Mixed media sculpture by California artist Keiko Nelson – Inner Landscape – which symbolizes the Japanese kimono tradition in fusion with the West

Mixed media sculpture by California artist Keiko Nelson – Inner Landscape – which symbolizes the Japanese kimono tradition in fusion with the West.

Cultural Communication Codes:  Bridges to Understanding Asian Culture

By Julia So
November 2009

Do you recall the first time you stepped into a business reception at one of the major hotels in your area and found yourself amidst a sea of Asian faces?  If so, you may have also noticed a multitude of conversations in some incomprehensible languages – Cantonese Chinese, Gujarati, Hindi, Korean, Malay, Mandarin Chinese, Tagalog, Thai, Vietnamese, and perhaps others.

If you have been put off when people in your presence speak a language other than English, you are not alone.  As a Chinese American that speaks a fair amount of Spanish, Japanese and three Chinese dialects, I still am linguistically challenged and unable to participate in all of the conversations likely to occur at a reception of Asian American professionals.  Generally, there is not much more I can do except smile and say, ”I wish I could understand what you are saying.”  Not surprisingly, this comment often overcomes the awkwardness and the conversation soon resumes in English.

But do these professionals speak English? You may wonder.  Of course they do.  Otherwise, it would be impossible for these successful business people to survive or even thrive in the United States.  If they speak in their native language, their intention is not to offend you. They may do so to reaffirm their ethnic identity or simply because it is more convenient.  Some of them, particularly the recently arrived immigrants, may not even be aware that conversing in a language other than English in the presence of an English-only speaker is often considered impolite in the United States.

As our nation becomes more linguistically diverse, our knowledge of the cultural communication codes of others can help us increase mutual understanding.  In body language, for example, simple common courtesies such as an Asian’s “limpy” handshake can trigger negative reactions in this country.

Before you equate a “limpy” handshake to a “weak” personality trait and thus avoid doing business with the individual, have you thought of how the other person may view you because of your firm handshake?  He or she may be reading you as aggressive and offensive, and conclude for a different set of reasons that you would not make a good business partner.

It is also important to acknowledge the diversity within Asian culture when it comes to cultural understanding.  Not all Asians or Asian Americans shake hands when greeting others.  Generally speaking, the Chinese nod at each other, the Thai and Cambodians put their hands together in front of their chest and nod at the same time, and the Japanese and Koreans bow.  In fact, the degree of a bow in Japan depicts one’s social position in that particular situation.  A 15-degree bow is for a friend or a customer, while a 30-degree bow is given to a supervisor or an elder in the family.  A 45-degree bow is reserved for special occasions such as delivering a formal apology or greeting a government official.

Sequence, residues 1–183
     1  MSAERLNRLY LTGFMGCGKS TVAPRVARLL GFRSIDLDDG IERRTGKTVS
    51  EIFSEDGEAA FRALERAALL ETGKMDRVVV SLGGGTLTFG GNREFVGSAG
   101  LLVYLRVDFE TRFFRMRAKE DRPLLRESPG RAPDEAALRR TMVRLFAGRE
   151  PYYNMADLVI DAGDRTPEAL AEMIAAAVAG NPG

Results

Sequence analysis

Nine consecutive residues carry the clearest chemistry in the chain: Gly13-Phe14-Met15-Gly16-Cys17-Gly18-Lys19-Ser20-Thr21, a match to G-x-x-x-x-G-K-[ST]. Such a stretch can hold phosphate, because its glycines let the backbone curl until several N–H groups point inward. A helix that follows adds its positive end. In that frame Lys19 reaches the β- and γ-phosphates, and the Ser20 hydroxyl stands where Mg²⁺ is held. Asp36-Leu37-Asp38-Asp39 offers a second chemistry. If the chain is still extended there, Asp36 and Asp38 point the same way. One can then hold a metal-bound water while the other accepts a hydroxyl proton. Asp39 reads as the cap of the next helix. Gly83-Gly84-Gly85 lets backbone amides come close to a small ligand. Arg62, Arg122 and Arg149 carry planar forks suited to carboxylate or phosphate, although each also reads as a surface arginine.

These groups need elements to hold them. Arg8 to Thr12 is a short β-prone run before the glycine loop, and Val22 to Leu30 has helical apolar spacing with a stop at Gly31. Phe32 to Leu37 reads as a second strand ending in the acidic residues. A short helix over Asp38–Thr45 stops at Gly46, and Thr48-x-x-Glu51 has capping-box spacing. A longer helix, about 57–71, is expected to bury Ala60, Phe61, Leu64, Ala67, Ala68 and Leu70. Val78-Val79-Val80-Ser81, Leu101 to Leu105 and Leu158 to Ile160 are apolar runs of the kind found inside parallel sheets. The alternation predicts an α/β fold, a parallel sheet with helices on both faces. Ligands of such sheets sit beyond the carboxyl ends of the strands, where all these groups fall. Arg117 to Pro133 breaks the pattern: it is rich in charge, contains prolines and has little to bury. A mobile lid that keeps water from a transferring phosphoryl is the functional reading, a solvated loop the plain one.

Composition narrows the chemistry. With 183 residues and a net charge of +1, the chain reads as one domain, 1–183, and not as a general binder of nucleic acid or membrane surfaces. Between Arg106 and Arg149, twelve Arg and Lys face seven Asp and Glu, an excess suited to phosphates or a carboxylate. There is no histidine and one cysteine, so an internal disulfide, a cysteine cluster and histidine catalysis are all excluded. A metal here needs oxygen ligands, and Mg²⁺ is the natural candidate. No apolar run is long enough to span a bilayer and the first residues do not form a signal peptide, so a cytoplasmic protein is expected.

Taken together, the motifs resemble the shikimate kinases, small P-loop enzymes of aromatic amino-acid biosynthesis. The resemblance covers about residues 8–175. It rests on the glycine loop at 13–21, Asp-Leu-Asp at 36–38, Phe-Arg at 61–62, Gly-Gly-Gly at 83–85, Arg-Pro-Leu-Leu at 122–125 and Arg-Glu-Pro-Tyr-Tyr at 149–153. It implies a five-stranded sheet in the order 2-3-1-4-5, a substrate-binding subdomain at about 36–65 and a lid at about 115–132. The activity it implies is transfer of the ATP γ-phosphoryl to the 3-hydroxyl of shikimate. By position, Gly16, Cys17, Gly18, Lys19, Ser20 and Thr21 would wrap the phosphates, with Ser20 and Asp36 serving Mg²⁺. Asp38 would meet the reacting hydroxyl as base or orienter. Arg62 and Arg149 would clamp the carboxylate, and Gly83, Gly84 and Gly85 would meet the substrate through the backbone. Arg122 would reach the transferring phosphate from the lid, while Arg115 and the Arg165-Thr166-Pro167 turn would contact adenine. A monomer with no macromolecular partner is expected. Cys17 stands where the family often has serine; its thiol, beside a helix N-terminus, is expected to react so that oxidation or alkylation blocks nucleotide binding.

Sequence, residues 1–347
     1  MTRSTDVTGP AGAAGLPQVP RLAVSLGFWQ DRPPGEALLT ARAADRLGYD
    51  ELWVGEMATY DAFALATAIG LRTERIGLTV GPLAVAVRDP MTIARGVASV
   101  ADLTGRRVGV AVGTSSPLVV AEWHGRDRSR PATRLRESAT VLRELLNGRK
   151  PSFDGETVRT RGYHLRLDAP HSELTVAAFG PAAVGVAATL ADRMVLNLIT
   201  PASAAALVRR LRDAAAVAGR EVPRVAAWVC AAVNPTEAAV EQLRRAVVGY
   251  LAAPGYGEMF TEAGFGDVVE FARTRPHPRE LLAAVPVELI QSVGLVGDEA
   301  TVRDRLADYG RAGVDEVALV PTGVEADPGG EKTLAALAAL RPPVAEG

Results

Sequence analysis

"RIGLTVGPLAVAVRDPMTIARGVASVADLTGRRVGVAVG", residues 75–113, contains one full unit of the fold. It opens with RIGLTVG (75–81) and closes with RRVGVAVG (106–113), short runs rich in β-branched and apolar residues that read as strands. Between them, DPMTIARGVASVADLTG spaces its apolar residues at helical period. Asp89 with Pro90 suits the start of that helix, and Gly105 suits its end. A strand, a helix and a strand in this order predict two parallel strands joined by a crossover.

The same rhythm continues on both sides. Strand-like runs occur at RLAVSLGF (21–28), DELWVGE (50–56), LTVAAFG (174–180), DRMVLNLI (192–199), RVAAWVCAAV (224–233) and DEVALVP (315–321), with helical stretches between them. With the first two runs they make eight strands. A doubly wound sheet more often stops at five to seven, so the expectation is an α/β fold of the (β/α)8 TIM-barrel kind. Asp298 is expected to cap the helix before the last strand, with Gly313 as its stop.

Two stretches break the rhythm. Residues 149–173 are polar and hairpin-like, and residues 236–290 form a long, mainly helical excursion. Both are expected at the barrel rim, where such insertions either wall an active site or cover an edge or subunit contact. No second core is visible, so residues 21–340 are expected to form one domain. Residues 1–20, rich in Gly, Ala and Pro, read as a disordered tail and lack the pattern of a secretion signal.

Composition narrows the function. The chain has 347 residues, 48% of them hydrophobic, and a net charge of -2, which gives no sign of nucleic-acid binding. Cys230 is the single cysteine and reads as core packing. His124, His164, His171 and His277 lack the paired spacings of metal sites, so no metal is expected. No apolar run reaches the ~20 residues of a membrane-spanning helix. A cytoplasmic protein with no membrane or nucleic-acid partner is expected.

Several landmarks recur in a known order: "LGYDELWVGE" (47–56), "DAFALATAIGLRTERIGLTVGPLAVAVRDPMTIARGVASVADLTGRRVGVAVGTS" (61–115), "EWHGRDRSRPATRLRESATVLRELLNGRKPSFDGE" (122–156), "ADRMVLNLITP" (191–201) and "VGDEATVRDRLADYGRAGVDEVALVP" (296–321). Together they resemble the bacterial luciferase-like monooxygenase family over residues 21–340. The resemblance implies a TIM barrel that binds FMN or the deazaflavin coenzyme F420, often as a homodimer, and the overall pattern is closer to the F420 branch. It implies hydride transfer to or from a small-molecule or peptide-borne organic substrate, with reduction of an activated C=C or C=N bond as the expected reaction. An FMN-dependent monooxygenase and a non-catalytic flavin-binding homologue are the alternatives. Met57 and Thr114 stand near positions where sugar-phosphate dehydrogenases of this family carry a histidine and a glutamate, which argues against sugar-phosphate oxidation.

Another example of body language is the degree of eye contact when conversing.  People from certain cultures may misconstrue lack of eye contact as impolite.  In the United States, we perceive someone who does not look you in the eye as discourteous or perhaps dishonest.  But many Asians, like Koreans and Vietnamese, consider looking into another’s eyes while speaking as improper, particularly when addressing a superior or a person of authority. How unfortunate if this miscommunication has adverse consequences for bridging cultural gaps or closing a business deal.

It should not surprise us that hand gestures can cause problems.  Pointing a finger at someone while talking is considered insulting among the Chinese and Koreans – this hand gesture applies in the context of an authority figure disciplining a subordinate.  Similarly, curling your index finger upward with the intention of motioning to someone to approach you can evoke an undesirable reaction.  In the Vietnamese culture, this gesture is reserved solely for motioning to animals.

Understanding cultural communication codes not only serves to overcome language barriers, but also may facilitate mutual understanding. This makes learning about each other’s cultures extremely important, even among Asian Americans.

Julia Wai-Yin So, Ph.D., is principal of So García Associates. She lives in Albuquerque, New Mexico.